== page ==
Have you ever heard of Bass Reeves?
He was stationed out of Fort Smith under Judge Isaac Parker (the “hanging judge”), as a Deputy U.S. Marshal, in the Indian Territory of Oklahoma in the late 1800s. Some have argued that Reeves was the best deputy to ever wear a badge. In his 32 year career, he arrested over 3,000 criminals (more than Wyatt Earp), killing only 14 (7 more than Wild Bill Hickock), without ever being wounded.
You may not have heard of Bass Reeves, but you have seen his exploits on the big screen. Clint Eastwood’s character in Hang ‘Em High, was loosely based on his life. Though tough, Reeves was known as a man of incredible courage and integrity. Even the most hardened outlaws admired him. Bass Reeves died in 1910.
Here is something else you may not know. Reeves wasn’t just any Deputy U.S. Marshal, he was the first black Deputy U.S. Marshal west of the Mississippi. But in the 1960s (the year Hang ‘Em High was produced) very rarely would a lead actor be black, or the story be about a black hero.
February is Black History month, a month to emphasize the important role African Americans have played in our country’s history. I would like to take Black History one step further and mention the role people of color have had on Christian history.
Most likely the Garden of Eden was located somewhere in the Middle East. This means the first humans were not white Europeans. Abraham (the father of Judaism, Christianity, and Islam) was from the land of Ur. While the exact location of this ancient city is unknown, it is believed to have been in Asia Minor, more than likely in Mesopotamia, quite possibly in the center of Babylon, placing it in present day Baghdad. Thus, Abraham was a person of color. Jesus, a Jew, born in Bethlehem, who lived in Egypt and Palestine, would have a difficult time going through security in today’s airports because He fit the profile of a terrorist – Middle Eastern, male, between the ages of 18 and 34.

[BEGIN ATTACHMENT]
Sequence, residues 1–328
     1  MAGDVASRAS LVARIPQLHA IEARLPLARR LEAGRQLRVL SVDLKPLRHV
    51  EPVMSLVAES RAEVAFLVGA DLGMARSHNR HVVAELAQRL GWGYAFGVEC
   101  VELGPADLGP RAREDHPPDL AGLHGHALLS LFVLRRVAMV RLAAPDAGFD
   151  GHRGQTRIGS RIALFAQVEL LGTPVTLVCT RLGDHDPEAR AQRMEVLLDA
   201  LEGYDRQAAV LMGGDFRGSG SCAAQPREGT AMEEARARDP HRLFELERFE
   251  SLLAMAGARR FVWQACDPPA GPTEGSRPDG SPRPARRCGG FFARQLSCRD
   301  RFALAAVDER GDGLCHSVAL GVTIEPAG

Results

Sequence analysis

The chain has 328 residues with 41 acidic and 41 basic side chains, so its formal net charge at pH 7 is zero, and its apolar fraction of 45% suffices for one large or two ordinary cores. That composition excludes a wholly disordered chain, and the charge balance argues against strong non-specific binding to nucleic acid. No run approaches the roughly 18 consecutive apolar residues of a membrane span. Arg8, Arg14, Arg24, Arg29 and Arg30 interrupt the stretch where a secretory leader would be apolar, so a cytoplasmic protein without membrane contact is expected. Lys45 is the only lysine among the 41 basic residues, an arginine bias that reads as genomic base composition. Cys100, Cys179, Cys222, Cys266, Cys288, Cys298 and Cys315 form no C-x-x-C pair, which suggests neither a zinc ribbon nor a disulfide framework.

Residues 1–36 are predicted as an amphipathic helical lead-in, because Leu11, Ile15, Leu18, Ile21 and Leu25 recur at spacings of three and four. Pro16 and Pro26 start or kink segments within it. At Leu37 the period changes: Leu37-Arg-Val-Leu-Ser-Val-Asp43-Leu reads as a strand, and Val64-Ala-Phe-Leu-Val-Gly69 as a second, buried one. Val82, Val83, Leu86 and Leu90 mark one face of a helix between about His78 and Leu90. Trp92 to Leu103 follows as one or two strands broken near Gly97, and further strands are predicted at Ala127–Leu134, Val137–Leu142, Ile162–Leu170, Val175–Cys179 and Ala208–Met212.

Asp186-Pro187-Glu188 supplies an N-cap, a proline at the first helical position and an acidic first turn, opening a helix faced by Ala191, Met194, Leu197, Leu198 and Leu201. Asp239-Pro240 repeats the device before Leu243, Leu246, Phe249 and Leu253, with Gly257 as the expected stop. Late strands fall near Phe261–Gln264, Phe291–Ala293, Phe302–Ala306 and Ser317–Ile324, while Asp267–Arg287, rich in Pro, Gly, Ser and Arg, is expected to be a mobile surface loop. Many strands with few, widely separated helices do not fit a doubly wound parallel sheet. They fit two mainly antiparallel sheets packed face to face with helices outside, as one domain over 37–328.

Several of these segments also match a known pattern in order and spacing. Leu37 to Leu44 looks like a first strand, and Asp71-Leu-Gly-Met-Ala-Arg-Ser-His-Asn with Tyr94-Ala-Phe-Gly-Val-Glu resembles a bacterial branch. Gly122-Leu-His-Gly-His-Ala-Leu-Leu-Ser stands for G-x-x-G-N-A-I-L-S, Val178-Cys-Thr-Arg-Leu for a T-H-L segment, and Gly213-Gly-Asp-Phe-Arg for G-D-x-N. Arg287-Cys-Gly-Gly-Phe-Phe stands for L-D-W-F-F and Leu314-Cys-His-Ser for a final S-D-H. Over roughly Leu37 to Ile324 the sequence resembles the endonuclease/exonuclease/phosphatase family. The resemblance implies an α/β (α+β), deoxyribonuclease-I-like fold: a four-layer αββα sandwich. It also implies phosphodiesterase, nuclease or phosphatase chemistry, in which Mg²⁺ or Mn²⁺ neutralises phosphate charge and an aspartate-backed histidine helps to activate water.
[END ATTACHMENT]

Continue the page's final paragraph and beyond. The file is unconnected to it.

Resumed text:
In Acts chapter 8, Philip encountered a man from Ethiopia. After a brief conversation, the man was baptized. He then took the story of Jesus back to his home country of Africa. Four-hundred years later, Saint Augustine (d. 430), the most influential theologian in all Christian history, becomes the bishop of Hippo, located in North Africa. If Augustine were alive today, and had U.S. citizenship, he would most definitely be an African American.
And on and on I could go…
Why bring all this up? Because it is important for me, a member of the dominant culture, to remind myself that my race is neither superior nor inferior to any other race. It is important for me to understand that the heroes of my faith were not all W.A.S.P. (White, Anglo-Saxon, Protestant). It is important for me to admit that an accurate painting of Jesus would have him with a darker complexion than most pictures show.
Don’t get me wrong. My race has most definitely influenced Christian, American, and even world culture, but only as part of a much bigger, colorful, portrait. If we are ever going to get beyond the question of race we must recognize that we all have a common history.
The truth is, every single one of us are people of color – “red and yellow, black and white, they are precious in His sight…” That is why the Bible says, “There is neither Jew nor Greek, slave nor free, male nor female, for all are one in Christ Jesus…Here there is no Greek or Jew, circumcised or uncircumcised, barbarian, Scythian, slave or free, but Christ is all, and is in all” (Galatians 3:28 and Colossians 3:11).